I downloaded the .stl file onto my computer and opened it in Dremel 3D, the software that will take a 3D object and code it to transfer to the Dremel 3D printers we have in our lab for printing. In Dremel 3D I played around with the size of the Spocktopus and the quality of the build. I decided on a size of about an inch tall and a build quality of high. I ended up with a build time of about an hour and a half. I also decided to print it with white filament so I could paint it when it finished printing.
This is at the very beginning of the print. Only his legs have been printed but I was still getting super excited.
Here is a close-up of the print. This was taken about half-way through the print when it started to look like a Spocktopus.
It’s almost done! the Spocktopus has a face and the distinct Vulcan ears that make it special.
It’s done printing! The excitement is over but left in it’s wake is a beautiful, yet not quite finished, Spocktopus! The only thing left to do now is clean up the places that didn’t come out perfect and paint it.
I was going to paint it with acrylic paint but decided against it because I was too lazy to take the time to paint it and let it dry. I also knew that painting it would be a struggle since I don’t exactly have the steadiest hands in the world. I ended up experimenting with Sharpies to “paint” it because I was curious if it would work or not and I REALLY wanted an excuse to use my Sharpies. It turned out well and I love it. Now that it is completely finished, I have a cute Spocktopus that will keep me company. Live long and prosper guys!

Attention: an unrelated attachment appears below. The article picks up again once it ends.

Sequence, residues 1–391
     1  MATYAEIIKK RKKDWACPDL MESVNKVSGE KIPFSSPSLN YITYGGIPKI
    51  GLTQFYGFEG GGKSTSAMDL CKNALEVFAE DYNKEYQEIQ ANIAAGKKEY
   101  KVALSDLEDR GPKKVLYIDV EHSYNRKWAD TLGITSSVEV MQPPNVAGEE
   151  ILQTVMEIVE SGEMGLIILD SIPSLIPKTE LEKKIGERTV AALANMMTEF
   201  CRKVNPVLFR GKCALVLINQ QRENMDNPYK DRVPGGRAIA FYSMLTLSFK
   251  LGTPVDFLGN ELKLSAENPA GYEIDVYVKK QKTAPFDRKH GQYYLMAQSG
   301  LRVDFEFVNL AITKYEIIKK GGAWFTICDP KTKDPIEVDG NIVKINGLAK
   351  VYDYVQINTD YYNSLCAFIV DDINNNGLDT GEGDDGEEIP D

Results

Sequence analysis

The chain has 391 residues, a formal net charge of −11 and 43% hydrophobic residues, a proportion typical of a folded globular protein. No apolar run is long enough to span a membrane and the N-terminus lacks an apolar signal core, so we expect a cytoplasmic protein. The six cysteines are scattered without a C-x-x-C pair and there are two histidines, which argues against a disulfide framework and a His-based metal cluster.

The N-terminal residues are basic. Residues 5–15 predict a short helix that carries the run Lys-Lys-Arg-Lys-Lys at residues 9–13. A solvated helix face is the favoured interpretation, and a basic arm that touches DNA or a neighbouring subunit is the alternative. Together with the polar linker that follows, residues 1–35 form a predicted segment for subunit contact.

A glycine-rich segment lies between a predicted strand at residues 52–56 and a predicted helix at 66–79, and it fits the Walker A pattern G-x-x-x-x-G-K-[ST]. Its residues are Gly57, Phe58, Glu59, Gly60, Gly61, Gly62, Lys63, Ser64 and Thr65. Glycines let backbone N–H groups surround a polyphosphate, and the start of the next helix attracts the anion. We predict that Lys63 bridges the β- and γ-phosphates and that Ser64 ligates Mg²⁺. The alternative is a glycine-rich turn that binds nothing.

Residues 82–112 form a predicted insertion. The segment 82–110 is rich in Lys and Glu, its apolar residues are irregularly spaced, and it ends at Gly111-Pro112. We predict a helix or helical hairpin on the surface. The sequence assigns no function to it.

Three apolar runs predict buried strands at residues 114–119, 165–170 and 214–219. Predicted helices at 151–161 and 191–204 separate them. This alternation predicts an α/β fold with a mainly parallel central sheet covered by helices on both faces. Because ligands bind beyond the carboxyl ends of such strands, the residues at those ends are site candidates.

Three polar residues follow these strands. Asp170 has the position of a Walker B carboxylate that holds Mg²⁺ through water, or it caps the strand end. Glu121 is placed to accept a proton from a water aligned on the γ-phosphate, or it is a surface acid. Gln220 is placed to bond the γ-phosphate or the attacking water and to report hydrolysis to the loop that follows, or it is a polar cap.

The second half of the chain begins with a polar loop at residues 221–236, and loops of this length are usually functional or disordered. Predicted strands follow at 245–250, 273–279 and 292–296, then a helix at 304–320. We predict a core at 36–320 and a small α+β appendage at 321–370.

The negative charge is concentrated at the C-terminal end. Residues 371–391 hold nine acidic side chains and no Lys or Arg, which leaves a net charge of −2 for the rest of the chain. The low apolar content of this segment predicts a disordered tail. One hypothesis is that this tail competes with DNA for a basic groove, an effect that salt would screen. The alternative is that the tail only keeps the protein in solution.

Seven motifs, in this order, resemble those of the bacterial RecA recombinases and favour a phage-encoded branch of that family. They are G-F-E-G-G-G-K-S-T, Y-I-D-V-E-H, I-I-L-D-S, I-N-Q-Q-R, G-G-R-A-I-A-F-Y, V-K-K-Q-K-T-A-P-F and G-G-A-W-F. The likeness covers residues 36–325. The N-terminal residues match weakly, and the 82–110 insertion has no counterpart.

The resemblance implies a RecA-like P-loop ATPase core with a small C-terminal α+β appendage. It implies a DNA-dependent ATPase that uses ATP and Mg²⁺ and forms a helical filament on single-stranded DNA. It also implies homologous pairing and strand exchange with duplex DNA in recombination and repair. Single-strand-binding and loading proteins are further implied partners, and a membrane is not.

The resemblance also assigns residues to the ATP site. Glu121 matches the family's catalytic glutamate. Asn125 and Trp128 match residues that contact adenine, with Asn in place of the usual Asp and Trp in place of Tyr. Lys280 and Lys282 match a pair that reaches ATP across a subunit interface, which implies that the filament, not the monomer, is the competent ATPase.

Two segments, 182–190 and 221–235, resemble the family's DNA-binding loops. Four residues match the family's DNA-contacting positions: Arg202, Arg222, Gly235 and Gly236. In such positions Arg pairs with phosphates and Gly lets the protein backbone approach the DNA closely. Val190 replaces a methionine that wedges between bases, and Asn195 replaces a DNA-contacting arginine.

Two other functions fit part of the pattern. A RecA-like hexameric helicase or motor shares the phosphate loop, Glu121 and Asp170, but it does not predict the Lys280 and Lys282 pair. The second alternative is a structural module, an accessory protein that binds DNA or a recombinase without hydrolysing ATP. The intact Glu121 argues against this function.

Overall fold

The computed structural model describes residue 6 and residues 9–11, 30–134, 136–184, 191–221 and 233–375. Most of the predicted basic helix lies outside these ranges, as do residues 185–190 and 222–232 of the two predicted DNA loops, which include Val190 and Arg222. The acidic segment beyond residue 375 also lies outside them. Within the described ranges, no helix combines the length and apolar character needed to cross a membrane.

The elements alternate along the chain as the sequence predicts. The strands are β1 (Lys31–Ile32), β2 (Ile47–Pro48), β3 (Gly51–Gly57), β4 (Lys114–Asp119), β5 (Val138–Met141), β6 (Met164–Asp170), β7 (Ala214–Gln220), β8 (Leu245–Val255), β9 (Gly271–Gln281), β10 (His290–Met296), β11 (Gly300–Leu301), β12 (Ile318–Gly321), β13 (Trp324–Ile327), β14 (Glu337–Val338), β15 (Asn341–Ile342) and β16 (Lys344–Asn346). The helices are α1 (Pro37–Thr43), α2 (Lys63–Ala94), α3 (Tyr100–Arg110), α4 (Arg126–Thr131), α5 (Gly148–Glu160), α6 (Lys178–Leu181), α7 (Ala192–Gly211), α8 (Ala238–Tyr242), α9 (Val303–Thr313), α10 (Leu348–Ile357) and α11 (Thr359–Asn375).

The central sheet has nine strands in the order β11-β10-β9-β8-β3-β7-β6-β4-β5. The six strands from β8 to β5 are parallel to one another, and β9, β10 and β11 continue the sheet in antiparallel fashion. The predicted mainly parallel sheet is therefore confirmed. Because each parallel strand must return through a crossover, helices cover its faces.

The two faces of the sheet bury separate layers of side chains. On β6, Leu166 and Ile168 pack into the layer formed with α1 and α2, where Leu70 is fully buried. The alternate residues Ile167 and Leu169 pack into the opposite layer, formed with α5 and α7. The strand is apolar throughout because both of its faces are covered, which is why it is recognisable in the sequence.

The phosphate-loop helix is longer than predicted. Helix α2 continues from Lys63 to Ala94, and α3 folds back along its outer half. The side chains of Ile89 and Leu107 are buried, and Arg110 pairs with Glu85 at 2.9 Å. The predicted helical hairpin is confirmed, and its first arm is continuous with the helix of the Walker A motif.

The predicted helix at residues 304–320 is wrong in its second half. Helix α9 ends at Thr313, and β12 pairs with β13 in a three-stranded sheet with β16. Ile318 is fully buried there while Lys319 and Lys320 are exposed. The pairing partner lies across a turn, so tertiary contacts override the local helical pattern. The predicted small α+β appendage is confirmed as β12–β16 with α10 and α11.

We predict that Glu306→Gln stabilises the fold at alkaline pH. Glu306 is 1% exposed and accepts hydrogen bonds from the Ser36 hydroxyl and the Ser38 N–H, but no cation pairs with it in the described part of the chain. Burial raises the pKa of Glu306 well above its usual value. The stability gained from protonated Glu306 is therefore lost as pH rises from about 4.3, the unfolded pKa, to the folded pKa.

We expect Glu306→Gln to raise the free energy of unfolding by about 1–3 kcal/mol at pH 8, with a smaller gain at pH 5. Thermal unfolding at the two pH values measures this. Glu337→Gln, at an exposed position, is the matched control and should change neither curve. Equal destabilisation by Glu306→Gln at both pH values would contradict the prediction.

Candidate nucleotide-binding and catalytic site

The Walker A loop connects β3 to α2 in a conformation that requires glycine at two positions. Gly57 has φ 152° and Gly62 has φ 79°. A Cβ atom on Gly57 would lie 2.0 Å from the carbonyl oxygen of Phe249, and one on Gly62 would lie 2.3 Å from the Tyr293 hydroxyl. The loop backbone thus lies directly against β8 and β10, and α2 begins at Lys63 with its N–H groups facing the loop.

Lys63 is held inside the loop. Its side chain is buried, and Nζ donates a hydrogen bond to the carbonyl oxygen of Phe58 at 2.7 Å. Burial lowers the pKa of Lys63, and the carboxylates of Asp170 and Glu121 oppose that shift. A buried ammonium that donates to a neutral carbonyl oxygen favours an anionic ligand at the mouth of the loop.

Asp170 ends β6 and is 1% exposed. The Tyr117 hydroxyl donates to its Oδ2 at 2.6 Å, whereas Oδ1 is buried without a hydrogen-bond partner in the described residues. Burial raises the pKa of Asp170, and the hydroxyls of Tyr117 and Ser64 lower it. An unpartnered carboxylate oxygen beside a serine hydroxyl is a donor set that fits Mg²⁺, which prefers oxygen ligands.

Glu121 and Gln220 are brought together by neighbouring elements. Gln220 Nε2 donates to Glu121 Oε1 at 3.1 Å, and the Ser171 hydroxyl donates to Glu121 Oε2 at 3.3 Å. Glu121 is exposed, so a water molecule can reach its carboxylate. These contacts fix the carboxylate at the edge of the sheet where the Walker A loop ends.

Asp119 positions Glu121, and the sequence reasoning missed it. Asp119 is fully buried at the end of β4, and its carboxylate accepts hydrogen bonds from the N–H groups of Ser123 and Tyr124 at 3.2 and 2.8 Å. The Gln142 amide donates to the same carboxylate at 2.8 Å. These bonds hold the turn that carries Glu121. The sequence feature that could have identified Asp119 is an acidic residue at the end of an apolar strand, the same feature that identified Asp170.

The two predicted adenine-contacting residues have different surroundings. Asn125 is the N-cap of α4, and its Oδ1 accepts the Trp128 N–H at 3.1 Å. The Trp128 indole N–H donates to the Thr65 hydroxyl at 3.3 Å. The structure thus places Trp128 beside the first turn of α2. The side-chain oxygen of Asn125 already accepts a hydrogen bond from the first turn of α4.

With the introduction of 3D printing in both individual lives and in industrial manufacturing, it is easy to see how it is affecting us as a species. Many people are captivated by how something can be created from what seems to be thin air. It seems as though we are on the brink of the next industrial revolution in the history of mankind.
“The first industrial revolution drove the mechanization of the textile industry. The second industrial revolution brought the assembly line. Now the digital revolution is here and one of the most powerful breakthroughs is 3D printing.”
It was obvious from its inception that 3D printing was going to change the way we made objects, but not many people realized how useful it can actually be. With the introduction of many different types of filament (including basic plastics, photosensitive resins, ceramics, cements, glass, metals, metal alloys, and thermoplastic composites infused with carbon nano tubes and fibers) 3D printing can now be used as a viable alternative to conventional manufacturing processes. This is allowing 3D printing, otherwise known as additive manufacturing, to be used as a beneficial tool for making more than just plastic objects and industrial prototypes.
Additional applications for 3D printing are found all the time, including transportation assets, aerospace components, measurement devices, telecom infrastructure, and medical equipment. According to one industry CEO, the U.S. hearing aid industry converted all of it’s traditional manufacturing methods to additive manufacturing in less than 500 days. This quick transition is one of the many benefits that additive manufacturing can provide for an industry. These benefits include flexibility for change, customization, quicker set-up, fewer stages, a lower input of labor, and separate pieces can now be made in a single run. These advantages will change the way products are designed, made, bought, and delivered.